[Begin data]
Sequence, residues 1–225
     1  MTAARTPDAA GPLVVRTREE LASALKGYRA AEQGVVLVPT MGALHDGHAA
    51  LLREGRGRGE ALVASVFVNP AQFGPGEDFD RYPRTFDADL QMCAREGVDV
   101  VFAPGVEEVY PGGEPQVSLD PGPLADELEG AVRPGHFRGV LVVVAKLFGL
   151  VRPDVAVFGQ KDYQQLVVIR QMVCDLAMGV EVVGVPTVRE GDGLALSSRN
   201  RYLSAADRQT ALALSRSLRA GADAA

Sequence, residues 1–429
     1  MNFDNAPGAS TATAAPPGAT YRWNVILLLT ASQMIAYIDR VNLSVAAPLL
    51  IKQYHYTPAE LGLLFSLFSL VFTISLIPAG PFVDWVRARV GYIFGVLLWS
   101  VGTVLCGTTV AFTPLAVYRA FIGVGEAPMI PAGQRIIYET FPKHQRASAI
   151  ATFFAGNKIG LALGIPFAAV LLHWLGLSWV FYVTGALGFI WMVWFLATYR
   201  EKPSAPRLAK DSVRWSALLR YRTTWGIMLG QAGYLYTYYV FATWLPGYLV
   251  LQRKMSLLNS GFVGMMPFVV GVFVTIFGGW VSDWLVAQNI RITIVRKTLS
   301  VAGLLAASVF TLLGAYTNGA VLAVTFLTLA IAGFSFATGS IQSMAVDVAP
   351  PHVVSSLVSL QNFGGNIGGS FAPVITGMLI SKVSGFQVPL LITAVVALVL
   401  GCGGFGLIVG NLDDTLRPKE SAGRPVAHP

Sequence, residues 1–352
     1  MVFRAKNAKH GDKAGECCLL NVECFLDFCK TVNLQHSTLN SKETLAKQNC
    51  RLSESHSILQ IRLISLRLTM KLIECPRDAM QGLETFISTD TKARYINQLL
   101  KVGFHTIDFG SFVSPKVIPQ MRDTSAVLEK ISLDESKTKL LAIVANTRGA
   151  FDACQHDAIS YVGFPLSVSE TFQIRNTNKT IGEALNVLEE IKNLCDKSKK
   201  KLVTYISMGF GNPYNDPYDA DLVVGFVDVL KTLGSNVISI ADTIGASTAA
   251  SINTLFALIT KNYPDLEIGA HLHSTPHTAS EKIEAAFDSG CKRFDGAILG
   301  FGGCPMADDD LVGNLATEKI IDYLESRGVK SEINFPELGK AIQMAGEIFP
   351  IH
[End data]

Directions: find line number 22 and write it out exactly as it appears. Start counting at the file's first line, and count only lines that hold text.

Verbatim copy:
   201  KLVTYISMGF GNPYNDPYDA DLVVGFVDVL KTLGSNVISI ADTIGASTAA